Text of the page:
Twitter was built 9 years ago. About a year later the hashtag was born. SMS was on the rage and 160 characters were all we had for the time being. Twitter’s 140 characters messages left enough space for ads to match the 160 characters of SMS.
This is before the rise of smartphones, wireless broadband and the popularity of photos and videos. Fast forward to 2015 and the state of Twitter today. Continue reading…
Exciting times we live. The dawn of the 21st century tipped the point for cheap and reliable smartphone and tablet hardware. In the low and mid end of the market, hardware turned to a commodity. The high end of the market is following. In a nutshell, it just doesn’t matter if you are using a $200 Android phone or a $350 one. What is important is the content users create, the information they exchange, the social graph they enrich.
The hardware is not relevant anymore, neither are the air waves. No matter what happens in the foreseeable future (except a WW3 event) both hardware and the medium for transferring information will always be available to more people, cheaper and faster.
Major platforms like Facebook, Twitter, Google, WordPress and soon Apple is what actually matters. What we see, what we feel and most of our relationships are stored somewhere, in an agnostic platform along with a huge amount of meta data like location information, time information, reactions from others etc. We increasingly upload chunks of our lives on this platform without knowing anything about it.
When was the last time you trusted a complete stranger with your life, no questions asked, in the real world? There is only one case and that’s religion. It fits perfectly. In a not collective intelligence way, the agnostic platform is preparing the new human; we’re building our own new god because we need it and we are doing so by uploading our lives on Facebook, Twitter, Google, WordPress and Apple servers. They know more about us than we do for ourselves, they are everywhere, they are available all the time; like god.
55 million tweets a day is like every single Greek tweeting once a day, including the homeless and ones without access to the internet at all. If you were Finn (Finland is the home of Nokia and 39% global market share) you’d have to tweet at least 10 time a day to come up with 55 million tweets a day.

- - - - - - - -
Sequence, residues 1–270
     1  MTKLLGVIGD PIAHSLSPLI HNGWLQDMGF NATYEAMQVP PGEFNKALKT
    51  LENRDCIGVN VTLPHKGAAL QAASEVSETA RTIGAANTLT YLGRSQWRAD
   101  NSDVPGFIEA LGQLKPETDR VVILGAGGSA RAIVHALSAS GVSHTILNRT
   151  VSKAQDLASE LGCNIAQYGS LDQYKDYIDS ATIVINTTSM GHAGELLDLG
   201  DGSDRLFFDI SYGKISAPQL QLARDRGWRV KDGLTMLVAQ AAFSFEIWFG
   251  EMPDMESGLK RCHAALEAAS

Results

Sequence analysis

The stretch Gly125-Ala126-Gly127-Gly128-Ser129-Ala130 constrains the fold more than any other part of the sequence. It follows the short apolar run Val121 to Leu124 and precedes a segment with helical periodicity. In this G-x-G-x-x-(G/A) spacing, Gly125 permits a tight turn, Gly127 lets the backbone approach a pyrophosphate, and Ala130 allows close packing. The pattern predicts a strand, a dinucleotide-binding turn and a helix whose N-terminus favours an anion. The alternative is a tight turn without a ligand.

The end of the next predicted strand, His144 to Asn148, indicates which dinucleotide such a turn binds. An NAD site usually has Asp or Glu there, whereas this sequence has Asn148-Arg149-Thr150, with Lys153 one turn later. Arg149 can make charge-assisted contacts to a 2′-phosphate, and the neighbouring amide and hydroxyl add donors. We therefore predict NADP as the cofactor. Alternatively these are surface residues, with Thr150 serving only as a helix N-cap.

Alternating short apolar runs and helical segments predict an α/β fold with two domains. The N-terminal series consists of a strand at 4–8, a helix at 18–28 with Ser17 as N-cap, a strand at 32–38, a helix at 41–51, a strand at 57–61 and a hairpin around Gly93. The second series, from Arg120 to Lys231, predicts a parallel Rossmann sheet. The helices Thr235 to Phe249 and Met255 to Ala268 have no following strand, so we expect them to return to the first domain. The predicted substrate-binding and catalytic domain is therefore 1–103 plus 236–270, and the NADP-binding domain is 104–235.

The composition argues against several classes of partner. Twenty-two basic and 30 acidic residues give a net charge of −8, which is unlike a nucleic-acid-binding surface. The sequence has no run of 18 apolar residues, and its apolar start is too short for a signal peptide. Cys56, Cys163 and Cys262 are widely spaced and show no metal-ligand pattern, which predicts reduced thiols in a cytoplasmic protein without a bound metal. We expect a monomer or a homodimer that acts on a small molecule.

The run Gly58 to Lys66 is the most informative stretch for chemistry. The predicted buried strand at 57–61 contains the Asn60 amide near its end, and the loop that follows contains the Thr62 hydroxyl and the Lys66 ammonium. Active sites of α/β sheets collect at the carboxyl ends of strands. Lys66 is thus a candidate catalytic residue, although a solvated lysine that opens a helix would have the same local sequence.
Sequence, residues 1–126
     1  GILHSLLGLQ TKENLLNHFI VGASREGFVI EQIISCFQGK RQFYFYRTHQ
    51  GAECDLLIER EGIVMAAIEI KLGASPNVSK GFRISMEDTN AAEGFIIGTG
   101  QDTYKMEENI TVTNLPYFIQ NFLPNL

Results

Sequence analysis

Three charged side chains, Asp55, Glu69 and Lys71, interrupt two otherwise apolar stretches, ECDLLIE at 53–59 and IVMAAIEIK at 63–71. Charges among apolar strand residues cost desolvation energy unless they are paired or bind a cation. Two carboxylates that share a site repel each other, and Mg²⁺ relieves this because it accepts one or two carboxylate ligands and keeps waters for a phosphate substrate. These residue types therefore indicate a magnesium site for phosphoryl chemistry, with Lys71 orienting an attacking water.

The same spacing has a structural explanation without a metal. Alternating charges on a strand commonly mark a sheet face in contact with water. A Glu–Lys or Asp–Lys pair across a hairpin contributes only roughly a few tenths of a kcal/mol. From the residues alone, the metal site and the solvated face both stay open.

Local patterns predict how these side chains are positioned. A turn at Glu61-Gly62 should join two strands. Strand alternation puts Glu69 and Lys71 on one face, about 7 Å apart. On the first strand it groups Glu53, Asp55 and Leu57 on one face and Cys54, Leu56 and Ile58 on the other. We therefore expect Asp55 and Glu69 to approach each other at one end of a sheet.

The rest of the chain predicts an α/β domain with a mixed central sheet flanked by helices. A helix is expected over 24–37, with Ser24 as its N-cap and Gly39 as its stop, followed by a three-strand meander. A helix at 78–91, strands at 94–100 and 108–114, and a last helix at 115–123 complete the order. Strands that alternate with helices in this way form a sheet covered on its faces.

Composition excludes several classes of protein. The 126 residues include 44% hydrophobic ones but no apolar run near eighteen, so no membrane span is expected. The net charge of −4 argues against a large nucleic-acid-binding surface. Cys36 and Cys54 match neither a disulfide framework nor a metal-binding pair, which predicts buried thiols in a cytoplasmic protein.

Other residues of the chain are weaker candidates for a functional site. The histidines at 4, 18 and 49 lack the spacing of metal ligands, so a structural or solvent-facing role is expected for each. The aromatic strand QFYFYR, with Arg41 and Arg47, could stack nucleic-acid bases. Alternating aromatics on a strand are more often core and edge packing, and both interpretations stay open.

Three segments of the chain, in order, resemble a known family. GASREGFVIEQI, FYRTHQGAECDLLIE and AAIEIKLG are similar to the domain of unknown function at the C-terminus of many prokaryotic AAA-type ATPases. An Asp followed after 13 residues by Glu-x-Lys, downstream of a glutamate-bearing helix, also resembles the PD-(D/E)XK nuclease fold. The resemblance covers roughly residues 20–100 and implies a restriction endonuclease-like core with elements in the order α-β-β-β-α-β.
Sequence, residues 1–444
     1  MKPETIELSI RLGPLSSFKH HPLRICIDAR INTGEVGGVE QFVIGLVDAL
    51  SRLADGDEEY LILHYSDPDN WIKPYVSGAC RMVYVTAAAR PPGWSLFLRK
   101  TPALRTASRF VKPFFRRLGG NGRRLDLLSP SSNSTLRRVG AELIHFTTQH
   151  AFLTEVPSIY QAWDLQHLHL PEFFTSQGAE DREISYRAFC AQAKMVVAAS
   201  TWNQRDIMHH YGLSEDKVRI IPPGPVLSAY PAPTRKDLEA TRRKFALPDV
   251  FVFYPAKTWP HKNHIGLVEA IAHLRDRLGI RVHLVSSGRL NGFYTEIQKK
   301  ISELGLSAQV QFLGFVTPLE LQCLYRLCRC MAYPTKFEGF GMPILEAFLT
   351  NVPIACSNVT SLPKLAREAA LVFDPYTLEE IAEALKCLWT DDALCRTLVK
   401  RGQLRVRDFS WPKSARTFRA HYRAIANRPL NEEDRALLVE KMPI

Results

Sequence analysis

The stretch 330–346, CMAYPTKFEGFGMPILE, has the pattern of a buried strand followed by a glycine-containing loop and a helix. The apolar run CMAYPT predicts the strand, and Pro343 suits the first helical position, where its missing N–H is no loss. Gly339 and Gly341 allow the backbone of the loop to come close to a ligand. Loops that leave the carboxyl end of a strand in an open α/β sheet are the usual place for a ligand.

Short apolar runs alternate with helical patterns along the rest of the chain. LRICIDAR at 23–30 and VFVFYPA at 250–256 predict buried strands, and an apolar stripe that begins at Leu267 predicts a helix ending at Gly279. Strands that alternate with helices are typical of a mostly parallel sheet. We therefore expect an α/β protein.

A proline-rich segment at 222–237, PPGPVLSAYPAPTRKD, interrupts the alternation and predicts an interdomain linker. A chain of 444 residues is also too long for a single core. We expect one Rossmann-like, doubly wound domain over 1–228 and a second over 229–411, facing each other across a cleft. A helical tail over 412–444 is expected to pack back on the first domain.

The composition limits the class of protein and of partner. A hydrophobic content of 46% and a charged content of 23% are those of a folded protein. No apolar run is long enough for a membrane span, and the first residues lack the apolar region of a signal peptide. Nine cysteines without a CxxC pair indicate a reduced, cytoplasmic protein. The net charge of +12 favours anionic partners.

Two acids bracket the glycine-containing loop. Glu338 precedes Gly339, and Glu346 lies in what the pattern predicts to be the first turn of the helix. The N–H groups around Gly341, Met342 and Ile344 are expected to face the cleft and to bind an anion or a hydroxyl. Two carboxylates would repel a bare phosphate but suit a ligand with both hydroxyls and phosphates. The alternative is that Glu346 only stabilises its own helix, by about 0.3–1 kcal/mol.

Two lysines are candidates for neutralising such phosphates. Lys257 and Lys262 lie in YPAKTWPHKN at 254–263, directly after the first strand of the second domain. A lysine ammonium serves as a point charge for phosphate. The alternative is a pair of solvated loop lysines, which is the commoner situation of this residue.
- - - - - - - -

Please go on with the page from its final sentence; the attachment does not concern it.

Twitter will grow exponentially along with more capable smartphones hitting the market and services like Google Search enabling access to Twitter’s archive. Add geo location services and the whole mash up idea of everything being connected with everything (Foursquare with Twitter, Facebook with Twitter etc) and you’ll soon be witnessing the real time revolution before the end of 2010.
Twitter (and Facebook later on) will leads to the need of effective, non fault positive filter and algorithmic tools for sorting out noise and the birth of the first software agents living in the cloud and within your pocket.
The more you share online the more the chances you have to live forever. I kid you not. Think about Facebook, Twitter, Flickr, YouTube and all other places your everyday life moments are exposed to, saved, indexed, archived. We’re talking about at least a few hundred if not thousands of instances (pictures, videos, text) of everyone’s life though out the course of history.
With quarter of a billion users in Facebook, tags on pictures and face recognition technology being mainstream it’s easier than ever to crawl and collect photos and videos containing one’s personal face and moments in time, granted that permission and security issues are resolved.
With the flesh and the body in place, indexed and categorized, the social graph would be the mind and soul. Pokes, likes, status updates, friendships, fan pages, blog posts and tweets from the individual will be that little something we call character.